As technology continues to improve our efficiency and make our jobs easier, it is also opening gateways for those with malicious intent. Aircraft are becoming smarter and more connected, but arguably also more vulnerable to attack.
The challenge in years to come will be how to protect these critical systems, or at least limit the impact when they are attacked.
The unlawful act of transporting people around the world in order to benefit from their labour or exploit them in other ways continues to be a global phenomenon. Particularly when they are suffering from economic hardship.
Recent studies have shown that as many as 700,000 people become the subjects of human trafficking every year, with reports from over 127 countries worldwide. It is aviation that is often the vehicle for this malicious trade. These unfortunate people are often travelling with forged or stolen documents, and may be under duress from the people they are travelling with.
It’s an ongoing problem. ICAO itself is directly involved in efforts to address it through better training and an understanding of where in the world the worst hotspots are. However it is likely to remain a threat to aviation security for many years to come.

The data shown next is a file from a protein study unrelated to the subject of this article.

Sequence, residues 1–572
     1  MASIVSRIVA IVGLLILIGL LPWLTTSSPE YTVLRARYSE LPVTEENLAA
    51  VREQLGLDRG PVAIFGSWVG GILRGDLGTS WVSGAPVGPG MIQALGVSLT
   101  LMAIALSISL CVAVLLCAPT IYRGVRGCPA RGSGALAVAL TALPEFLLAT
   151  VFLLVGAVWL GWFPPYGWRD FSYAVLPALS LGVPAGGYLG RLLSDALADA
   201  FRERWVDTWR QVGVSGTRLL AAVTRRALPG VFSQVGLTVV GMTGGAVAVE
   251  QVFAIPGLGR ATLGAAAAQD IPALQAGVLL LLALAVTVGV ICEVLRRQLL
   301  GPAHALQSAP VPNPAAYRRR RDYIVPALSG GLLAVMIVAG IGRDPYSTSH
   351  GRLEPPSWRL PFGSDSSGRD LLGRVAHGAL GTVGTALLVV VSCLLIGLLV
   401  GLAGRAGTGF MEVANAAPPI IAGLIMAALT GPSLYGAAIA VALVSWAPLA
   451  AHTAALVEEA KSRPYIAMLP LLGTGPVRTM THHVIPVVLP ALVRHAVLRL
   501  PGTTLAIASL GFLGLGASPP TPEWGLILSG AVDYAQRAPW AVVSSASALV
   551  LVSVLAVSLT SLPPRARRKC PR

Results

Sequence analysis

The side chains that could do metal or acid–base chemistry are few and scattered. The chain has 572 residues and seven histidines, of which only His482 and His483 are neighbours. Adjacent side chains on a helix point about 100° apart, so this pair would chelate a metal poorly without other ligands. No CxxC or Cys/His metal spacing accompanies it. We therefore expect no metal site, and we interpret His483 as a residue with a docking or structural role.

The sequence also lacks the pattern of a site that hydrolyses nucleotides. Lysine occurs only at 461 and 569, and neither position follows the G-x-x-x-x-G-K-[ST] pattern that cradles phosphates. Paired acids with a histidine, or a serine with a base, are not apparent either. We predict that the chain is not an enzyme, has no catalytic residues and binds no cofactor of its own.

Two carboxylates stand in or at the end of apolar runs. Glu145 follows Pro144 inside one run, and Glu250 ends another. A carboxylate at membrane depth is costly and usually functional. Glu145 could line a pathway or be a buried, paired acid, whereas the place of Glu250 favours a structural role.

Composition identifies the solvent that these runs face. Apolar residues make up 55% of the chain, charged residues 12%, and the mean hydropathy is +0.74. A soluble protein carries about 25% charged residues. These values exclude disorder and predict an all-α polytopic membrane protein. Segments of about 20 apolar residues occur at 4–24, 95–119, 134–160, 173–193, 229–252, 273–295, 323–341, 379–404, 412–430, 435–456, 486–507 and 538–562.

Threats to aviation security aren’t new, but our reaction to them needs to be.
Moving forward our response to security in the industry must continue to evolve to meet the threat, regardless of what other industry pressures we find ourselves under. Undeniably, our safety and that of our passengers will depend on it.
More on the topic:
- More: Please be Wary of Malicious Phish
- More: Any Single Pilots Out There?
- More: Bomb Onboard: Do you know your procedures?
- More: Aviation in Indonesia: How safe is it?
- More: Chad Airspace Update